Prunus serrulata ‘Kanzan’

1 May

Prunus serrulata 'Kanzan' flower (17/04/2011, London)

Prunus serrulata ‘Kanzan’ flower (17/04/2011, London)

Position: Full sun

Soil: Moist,well drained

Flowering period: Late spring

Eventual Height: 10m

Eventual Spread: 10m

Hardiness: 5a, 5b, 6a, 6b, 7a, 7b, 8a, 8b, 9a

Family: Rosaceae

Prunus serrulata ‘Kanzan’ is a deciduous tree with an upright, vase-shaped habit. Its leaves are ovate, long, dark green leaves, which are bronze when young. Its leaves turn yellow, red or crimson in autumn before they fall. It bears deep pink, double flowers profusely in clusters of 2-5. As the cultivar is sterile it will not bear fruit.

The species Prunus serrulata, commonly know as the Japanese Cherry, is native to Japan, Korea and China. The plant features heavily in the traditions of Japan, with its blossoms symbolising the ephemerality of life among other things and the blossoms are even used to make tea called Sakurayu, prepared by pickling the petals in plum vinegar and salt, then drying them and adding boiling water.

The etymological root of the binomial name Prunus is from the classical Latin name of the Plum tree. Serrulata is derived from the Latin meaning ‘small toothed’ referring to the leaf margins in this plant. The name ‘Kanzan’ is a Japanese word from classical poetry, meaning literally ‘bordering the mountain’, it may also reference a Zen hermit sage & eccentric called Kanzan, he was a poet-monk who dwelt in a cave and wrote about Cherries that shone in the morning light as with crimson fire.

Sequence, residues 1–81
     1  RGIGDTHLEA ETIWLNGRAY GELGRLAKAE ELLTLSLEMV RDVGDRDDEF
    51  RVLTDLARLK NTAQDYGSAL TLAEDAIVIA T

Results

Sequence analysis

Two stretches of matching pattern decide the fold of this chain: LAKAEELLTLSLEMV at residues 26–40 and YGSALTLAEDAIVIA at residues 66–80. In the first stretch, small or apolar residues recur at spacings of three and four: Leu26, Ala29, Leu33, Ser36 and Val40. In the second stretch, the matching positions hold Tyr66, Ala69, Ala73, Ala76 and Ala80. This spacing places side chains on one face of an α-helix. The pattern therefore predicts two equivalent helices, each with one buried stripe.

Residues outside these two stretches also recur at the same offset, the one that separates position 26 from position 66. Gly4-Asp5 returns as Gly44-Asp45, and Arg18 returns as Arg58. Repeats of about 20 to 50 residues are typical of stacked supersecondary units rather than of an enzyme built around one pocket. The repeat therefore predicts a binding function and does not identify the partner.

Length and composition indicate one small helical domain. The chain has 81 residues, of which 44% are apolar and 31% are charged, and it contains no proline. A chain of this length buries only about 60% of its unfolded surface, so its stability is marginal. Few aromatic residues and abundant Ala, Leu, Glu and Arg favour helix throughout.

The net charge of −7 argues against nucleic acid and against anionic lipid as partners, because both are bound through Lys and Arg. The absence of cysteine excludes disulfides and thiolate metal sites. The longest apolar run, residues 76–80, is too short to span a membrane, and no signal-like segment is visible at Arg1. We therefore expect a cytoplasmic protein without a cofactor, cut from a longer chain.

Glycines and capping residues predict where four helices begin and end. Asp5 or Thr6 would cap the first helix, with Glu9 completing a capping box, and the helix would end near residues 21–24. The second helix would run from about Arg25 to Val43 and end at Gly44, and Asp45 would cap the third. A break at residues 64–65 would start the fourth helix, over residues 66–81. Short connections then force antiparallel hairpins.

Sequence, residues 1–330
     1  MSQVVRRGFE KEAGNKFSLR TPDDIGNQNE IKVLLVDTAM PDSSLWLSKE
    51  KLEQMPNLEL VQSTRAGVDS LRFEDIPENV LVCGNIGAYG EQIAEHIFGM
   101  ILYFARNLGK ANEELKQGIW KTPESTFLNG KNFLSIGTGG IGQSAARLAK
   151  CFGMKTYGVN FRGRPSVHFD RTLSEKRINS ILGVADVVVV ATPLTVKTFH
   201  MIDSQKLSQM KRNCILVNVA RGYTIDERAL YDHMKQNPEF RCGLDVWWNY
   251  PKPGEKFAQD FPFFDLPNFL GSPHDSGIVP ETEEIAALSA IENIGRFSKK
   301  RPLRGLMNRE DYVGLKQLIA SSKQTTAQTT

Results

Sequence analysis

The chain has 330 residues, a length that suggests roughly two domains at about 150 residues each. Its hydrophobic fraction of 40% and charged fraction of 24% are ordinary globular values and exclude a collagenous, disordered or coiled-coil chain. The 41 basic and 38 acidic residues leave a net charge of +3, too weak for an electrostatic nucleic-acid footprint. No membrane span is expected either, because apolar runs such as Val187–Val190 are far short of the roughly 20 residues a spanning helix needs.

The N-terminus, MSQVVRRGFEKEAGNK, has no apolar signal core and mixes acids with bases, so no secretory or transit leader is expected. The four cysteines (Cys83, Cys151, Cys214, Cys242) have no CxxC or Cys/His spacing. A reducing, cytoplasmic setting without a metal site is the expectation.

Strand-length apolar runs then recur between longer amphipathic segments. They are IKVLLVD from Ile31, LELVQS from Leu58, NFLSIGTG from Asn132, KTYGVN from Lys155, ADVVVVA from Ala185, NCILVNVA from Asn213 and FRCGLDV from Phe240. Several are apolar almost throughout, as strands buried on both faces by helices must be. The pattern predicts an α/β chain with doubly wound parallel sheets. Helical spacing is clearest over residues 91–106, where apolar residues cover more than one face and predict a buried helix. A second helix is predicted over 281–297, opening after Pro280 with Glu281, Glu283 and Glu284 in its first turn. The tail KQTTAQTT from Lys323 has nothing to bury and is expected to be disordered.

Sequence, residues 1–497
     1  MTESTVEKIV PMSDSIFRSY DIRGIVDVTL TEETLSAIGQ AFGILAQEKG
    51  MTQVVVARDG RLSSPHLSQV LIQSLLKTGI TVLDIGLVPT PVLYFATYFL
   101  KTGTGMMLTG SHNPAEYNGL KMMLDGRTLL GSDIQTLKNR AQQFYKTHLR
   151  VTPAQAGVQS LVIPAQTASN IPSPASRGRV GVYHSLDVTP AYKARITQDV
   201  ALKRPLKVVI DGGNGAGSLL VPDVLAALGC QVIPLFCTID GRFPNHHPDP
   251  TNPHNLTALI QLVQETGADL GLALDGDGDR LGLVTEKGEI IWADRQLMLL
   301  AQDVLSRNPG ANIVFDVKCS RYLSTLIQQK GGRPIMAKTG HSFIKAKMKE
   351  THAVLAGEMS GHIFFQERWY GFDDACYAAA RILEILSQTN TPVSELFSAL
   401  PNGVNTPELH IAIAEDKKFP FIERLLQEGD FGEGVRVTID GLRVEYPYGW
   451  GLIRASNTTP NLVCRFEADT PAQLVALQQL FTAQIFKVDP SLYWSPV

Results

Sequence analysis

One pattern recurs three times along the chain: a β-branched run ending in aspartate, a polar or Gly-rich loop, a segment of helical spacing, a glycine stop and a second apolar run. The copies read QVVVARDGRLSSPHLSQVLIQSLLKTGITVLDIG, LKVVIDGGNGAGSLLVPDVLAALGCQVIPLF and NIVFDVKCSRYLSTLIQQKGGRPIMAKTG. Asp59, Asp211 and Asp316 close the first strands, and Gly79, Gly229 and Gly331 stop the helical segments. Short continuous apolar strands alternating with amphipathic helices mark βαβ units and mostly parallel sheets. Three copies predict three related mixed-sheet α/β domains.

Prunus serrulata 'Kanzan' (17/04/2011, London)

Prunus serrulata ‘Kanzan’ (17/04/2011, London)

With its dramatic spring flowering and upright habit Prunus serrulata ‘Kanzan’ is useful to the landscape architect. This plant looks fantastic when planted in avenues or lines, spaced at regular centres. However, care should be taken as all members of the Prunus genus are shallow rooting, and their roots may become exposed, deforming paved surfaces or areas of grass as it matures.

Prunus serrulata ‘Kanzan’ prefers alkaline soil but will tolerate a wide pH range so long as the soil is free draining and will rarely require additional lime.

Ecologically, Prunus serrulata ‘Kanzan’ will attract pollinating insects such as bees that will feed on its nectar.

The Royal Horticultural Society have given Prunus serrulata ‘Kanzan’ their prestigious Award of Garden Merit.

Prunus serrulata ‘Kanzan’ requires little pruning once established. Pruning should be carried out after flowering, from April to July to minimise the risk of Silver leaf infection. If planted in a lawn, the grass should be strimmed under the tree rather than mown as the mower may damage the roots causing the plant to send up new shoots.

Davis Landscape Architecture

 

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One Response to “Prunus serrulata ‘Kanzan’”

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  1. Japanese Cherry « Naturally Beautiful… - 18/05/2012

    […] information here is from Landscape Architecture Blog.  Pictures were sent to me by S – and were taken a month ago in April. Like this:LikeBe the […]

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